Article

Hate Crimes Against LGBT People in the United States  

Liz Coston

Hate crimes (or bias crimes) are crimes motivated by an offenders’ personal bias against a particular social group. Modern hate crimes legislation developed out of civil rights protections based on race, religion, and national origin; however, the acts that constitute a hate crime have expanded over time, as have the groups protected by hate crimes legislation. Anti-LGBT hate crimes, in which victims are targeted based on their sexual orientation or gender identity. LGBT people are highly overrepresented as victims of hate crimes given the number of LGBT people in the population, and this is especially true of hate crimes against transgender women. Despite the frequency of these crimes, the legal framework for addressing them varies widely across the United States. Many states do not have specific legislation that addresses anti-LGBT hate crimes, while others have legislation that mandates data collection on those crimes but does not enhance civil or criminal penalties for them, and some offer enhanced civil and/or criminal penalties. Even in states that do have legislation to address these types of hate crimes, some states only address hate crimes based on sexual orientation but not those based on gender identity. The Matthew Shepard and James Byrd Jr. Hate Crimes Prevention Act gives the federal government the authority to prosecute those crimes regardless of jurisdiction; however, this power has been used in a limited capacity. Hate crimes are distinct from other crimes that are not motivated by bias. For example, thrill seeking, retaliation, or the desire to harm or punish members of a particular social group often motivates perpetrators of hate crimes; these motivations often result in hate crimes being more violent than other similar crimes. The difference in the motivation of offenders also has significant consequences for victims, both physically and mentally. Victims of hate crimes are more likely to require medical attention than victims of non-bias crimes. Likewise, victims of hate crimes, and especially anti-LGBT hate crimes, often experience negative psychological outcomes, such as PTSD, depression, or anxiety as a result of being victimized for being a member of an already marginalized social group.

Article

Children in LGBT Political Discourses in the United States  

Patrick McCreery

The role of the symbolic child figure has shifted substantially within discourses of LGBT politics and activism in the United States since World War II. From the 1950s well into the 1980s, the putatively heterosexual child was portrayed as the potential victim of homosexuality—victimized by influence, predation, and infection. By the early 21st century, the child had become a figure who was often represented as benefiting from LGBT civil rights—either as the child of lesbian or gay parents whose union was strengthened by the acquisition of civil benefits and protections or as a young gay or trans person struggling to accept a non-normative identity. This cultural shift both reflected and helped generate specific governmental and institutional policies—from the sexual psychopath laws of the 1950s, to the emergence of school-based Gay-Straight Alliances in the 1990s, to the central role of the child in debates over same-sex marriage in the 2000s.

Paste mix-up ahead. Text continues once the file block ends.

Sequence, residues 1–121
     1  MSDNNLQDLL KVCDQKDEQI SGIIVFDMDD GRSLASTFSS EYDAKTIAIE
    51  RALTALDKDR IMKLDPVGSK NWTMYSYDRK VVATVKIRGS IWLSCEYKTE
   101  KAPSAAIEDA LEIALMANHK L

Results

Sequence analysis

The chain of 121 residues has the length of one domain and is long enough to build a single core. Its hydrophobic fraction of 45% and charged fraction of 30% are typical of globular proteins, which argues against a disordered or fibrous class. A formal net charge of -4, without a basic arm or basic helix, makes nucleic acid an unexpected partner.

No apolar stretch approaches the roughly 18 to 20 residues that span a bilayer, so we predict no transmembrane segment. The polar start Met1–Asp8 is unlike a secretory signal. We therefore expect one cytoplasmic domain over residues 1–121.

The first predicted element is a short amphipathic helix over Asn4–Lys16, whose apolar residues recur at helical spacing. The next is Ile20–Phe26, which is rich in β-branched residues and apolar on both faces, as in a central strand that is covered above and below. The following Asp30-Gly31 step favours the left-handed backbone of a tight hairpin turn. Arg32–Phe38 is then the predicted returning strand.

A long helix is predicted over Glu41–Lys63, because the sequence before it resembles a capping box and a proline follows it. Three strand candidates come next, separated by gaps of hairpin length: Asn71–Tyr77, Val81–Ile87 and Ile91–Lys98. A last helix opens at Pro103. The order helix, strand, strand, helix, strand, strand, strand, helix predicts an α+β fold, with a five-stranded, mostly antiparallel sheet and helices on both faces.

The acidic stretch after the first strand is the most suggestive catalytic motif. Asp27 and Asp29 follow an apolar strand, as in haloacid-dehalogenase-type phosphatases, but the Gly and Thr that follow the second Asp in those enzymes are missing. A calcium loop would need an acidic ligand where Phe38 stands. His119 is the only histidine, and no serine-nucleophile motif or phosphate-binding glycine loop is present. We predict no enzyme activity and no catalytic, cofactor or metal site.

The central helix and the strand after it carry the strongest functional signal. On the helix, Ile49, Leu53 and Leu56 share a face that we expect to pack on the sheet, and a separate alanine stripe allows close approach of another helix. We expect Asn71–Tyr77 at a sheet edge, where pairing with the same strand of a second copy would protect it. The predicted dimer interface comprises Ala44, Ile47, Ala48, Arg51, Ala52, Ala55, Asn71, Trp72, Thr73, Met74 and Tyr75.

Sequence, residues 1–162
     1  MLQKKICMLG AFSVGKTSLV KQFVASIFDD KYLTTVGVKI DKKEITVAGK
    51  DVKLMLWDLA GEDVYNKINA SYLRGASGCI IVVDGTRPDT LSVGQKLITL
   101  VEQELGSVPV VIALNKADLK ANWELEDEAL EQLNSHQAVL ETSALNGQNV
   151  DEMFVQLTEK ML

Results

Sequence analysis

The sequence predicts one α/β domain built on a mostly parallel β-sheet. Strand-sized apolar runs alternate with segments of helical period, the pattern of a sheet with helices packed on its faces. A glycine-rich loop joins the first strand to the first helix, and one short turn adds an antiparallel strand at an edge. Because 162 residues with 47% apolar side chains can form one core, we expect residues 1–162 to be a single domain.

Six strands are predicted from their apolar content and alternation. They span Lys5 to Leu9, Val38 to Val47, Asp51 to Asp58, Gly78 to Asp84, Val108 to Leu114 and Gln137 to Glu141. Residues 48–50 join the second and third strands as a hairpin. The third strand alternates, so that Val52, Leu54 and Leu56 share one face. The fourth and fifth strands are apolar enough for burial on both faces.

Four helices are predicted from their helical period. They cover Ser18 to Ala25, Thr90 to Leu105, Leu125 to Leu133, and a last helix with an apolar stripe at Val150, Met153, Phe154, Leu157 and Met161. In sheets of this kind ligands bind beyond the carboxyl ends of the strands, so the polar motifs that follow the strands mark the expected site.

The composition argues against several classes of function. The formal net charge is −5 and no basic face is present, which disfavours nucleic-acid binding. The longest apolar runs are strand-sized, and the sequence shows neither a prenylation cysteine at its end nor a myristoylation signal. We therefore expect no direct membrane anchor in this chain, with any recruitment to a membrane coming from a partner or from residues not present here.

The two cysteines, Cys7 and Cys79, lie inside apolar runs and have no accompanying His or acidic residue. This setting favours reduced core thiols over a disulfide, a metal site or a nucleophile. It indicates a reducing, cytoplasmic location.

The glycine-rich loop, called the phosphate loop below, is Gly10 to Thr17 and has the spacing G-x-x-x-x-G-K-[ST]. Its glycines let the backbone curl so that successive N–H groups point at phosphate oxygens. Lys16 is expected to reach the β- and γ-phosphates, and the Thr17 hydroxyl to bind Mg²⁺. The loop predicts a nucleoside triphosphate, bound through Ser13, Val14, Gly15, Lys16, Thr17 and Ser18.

Article

Transgender Law and Policy in the United States  

Shannon Gilreath

Transgender people have a complicated history in U.S. law and policy. Once thought of as a symptom of homosexuality, gender nonconformity has long been the subject of social disapprobation and legal sanction, including criminalization. Beginning in the 1950s, an emergent interest by the medical community in individuals suffering from “gender dysphoria” precipitated an identity politics primarily organized around a goal of access to competent medical care and treatment for transsexual individuals. In ways both significant and ironic, this medicalization both promoted a binary ideology of gender, most obvious in concepts like male-to-female or female-to-male transsexualism, and created space for more transformative concepts of gender fluidity and transgender identity to emerge. Long conceptualized as a kind of subsidiary of the gay and lesbian rights movement in the United States, a status that entailed considerable turmoil, the transgender movement, especially since the 1990s, has emerged as a vocal and relatively effective rights lobby in its own right. The advent of the Trump administration presents a pivotal moment that will likely test not only the durability of recent policy gains but also whether those gains can be expanded in any significant measure.